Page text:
William Fiennes has contributed to Granta, the London Review of Books, the Observer, the Daily Telegraph and the Times Literary Supplement. He lives in Oxford, England. He is the author of the acclaimed The Snow Geese.
Shortlisted for the Costa Biography Award 2009. Costa Book Awards 2009 Judges' comment: "A beautifully-written evocation of place, loss and family." William Fiennes' account of growing up at Broughton Castle is charming and full of detail. It makes all those childhood dreams of growing up in ones own castle come flooding back. Along with this though is the story of Williams's brother Richard who suffered from epilepsy and despite the stresses this caused the family there is an overwhelming feeling of love throughout. A sensitively and honestly told memoir
With an introduction by Robert Macfarlane Shortlisted for the Samuel Johnson Prize and winner of the Hawthornden Prize. I had attached myself to the birds. I couldn't move on until the birds moved on, and the birds couldn't move on without the spring. One winter, after an enforced period of recuperation, William Fiennes finds himself restless and yearning for adventure. He travels to Texas, where he begins a quest to trace the million-strong flocks of snow geese making their spring flight thousands of miles north to the Arctic tundra. On his epic journey he meets people from every walk of life, from ex-nuns to train fanatics, and their stories resound with the longing to arrive at the right place in the world. Shortlisted for the Samuel Johnson Prize and winner of the Hawthornden Prize, The Snow Geese is a poignant and lyrical paean to the richness and wonder of the world around us. A unique blend of autobiography, travel and nature writing, this is a classic tale of belonging and the inescapable lure of home.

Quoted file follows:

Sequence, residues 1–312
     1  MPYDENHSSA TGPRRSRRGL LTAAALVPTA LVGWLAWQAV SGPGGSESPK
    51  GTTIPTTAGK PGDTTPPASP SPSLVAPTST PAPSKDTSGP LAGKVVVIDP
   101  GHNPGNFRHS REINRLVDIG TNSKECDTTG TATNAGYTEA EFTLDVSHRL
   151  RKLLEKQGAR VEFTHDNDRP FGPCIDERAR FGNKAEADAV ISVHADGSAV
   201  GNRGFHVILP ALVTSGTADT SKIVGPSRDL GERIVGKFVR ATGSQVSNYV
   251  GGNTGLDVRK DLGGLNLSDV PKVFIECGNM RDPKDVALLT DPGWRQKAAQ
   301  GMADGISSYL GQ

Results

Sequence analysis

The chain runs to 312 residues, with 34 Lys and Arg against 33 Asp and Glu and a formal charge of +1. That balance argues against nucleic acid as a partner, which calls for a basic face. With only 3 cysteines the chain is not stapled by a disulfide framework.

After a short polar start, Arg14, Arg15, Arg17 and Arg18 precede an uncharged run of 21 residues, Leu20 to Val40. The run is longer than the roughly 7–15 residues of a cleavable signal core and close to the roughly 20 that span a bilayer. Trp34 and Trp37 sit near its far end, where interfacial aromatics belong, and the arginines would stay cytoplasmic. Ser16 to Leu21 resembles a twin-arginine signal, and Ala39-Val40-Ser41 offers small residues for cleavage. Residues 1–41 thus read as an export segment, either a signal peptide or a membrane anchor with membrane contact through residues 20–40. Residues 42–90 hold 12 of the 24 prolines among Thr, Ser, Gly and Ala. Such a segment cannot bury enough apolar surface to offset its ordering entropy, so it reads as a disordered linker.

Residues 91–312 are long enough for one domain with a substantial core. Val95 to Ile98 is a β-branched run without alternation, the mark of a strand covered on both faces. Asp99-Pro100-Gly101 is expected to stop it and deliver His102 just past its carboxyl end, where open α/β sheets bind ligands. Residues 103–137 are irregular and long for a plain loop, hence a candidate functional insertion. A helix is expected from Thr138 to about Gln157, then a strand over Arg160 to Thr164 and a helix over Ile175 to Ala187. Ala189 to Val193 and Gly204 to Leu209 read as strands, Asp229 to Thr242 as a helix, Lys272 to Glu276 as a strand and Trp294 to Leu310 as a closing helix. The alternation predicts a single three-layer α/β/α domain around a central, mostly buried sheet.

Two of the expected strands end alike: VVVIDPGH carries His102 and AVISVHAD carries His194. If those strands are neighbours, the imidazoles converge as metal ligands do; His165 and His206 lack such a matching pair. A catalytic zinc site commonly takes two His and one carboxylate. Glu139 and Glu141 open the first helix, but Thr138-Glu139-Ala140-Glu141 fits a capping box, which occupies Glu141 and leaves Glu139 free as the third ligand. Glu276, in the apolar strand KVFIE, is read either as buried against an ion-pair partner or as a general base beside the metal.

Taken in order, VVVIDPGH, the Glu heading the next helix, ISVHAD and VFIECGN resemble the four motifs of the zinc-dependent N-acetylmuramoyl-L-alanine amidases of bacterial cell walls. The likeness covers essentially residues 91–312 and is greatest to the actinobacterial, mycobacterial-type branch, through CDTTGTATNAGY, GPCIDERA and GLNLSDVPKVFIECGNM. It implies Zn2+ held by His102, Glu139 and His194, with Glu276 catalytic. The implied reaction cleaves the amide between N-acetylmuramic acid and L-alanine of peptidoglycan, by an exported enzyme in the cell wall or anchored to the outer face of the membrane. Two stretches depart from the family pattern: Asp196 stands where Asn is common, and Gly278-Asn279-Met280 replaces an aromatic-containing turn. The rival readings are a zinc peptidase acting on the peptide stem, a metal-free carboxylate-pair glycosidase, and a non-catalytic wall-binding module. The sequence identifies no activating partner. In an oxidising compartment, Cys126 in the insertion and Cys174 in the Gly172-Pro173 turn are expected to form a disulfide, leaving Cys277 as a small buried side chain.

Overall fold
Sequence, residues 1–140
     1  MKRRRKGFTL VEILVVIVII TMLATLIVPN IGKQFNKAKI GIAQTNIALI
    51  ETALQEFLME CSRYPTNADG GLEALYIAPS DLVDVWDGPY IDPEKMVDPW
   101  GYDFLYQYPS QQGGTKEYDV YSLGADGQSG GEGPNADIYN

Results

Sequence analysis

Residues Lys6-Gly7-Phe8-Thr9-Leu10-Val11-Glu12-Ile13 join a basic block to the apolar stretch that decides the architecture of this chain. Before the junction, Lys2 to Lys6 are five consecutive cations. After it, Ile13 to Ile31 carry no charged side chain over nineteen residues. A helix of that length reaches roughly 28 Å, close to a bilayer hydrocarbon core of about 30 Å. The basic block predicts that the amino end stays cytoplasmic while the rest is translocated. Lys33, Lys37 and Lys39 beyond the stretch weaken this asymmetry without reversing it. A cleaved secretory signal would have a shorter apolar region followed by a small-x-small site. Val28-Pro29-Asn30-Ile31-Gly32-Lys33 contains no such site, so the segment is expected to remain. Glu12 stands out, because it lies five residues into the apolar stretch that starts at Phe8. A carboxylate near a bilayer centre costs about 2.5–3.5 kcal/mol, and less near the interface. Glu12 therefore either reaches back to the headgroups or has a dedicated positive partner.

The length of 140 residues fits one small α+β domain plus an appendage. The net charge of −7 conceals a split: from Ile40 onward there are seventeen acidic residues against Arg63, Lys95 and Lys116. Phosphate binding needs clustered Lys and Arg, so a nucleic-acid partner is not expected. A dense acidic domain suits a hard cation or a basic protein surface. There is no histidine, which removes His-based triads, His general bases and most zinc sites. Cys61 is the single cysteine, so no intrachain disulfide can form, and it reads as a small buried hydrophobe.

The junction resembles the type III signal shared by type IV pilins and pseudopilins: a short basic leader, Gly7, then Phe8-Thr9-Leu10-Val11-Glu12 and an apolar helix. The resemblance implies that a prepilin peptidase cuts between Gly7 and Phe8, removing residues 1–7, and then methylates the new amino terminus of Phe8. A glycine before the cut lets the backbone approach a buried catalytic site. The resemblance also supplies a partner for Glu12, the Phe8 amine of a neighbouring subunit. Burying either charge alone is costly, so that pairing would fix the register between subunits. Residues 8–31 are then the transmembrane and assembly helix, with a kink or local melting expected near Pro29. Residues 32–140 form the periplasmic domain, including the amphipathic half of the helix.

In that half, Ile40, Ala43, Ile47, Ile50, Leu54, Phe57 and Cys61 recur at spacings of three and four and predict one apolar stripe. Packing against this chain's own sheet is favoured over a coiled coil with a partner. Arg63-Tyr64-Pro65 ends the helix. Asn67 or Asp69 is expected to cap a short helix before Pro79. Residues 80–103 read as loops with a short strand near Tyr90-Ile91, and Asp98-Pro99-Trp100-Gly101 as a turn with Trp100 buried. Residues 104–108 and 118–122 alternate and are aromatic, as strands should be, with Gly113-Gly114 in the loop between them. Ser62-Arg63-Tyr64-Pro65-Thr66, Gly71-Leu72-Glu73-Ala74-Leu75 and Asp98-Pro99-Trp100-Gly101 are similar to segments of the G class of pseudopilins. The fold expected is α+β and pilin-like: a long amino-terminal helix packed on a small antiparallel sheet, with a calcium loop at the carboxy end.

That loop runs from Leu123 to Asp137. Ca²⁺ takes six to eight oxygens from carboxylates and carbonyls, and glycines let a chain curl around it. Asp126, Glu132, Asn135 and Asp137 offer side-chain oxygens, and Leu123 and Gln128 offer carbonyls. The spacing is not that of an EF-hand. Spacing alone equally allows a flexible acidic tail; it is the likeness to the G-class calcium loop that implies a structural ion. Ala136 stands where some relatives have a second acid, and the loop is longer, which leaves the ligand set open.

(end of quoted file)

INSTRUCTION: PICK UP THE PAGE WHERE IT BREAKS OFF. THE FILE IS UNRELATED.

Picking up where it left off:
`Fiennes has exceptional gifts, and he has written a small masterpiece, a tribute to the power of place, family and memory' Sunday Telegraph William Fiennes' childhood was one of imagination and curiosity, bounded only by the horizon he saw from the roof-tiles of his ancient family home. His older brother Richard, known for his towering presence, his inventiveness, his great passion for Leeds United, and his suffering due to severe epilepsy, was an adored and charismatic figure in his life. Years later, eager to understand his brother's mind as fully as the ancient trees and secret haunts of his own journey towards adulthood, William Fiennes has written a profoundly moving account of his home, his family's care, and above all, of Richard. The Music Room is a luminous testament to the miracle of consciousness and to the permanence of love. `On putting the book down I felt as if I had been hypnotised. It held me entranced, afraid and awed. All human grief and glory shimmers off the page' Libby Purves, The Times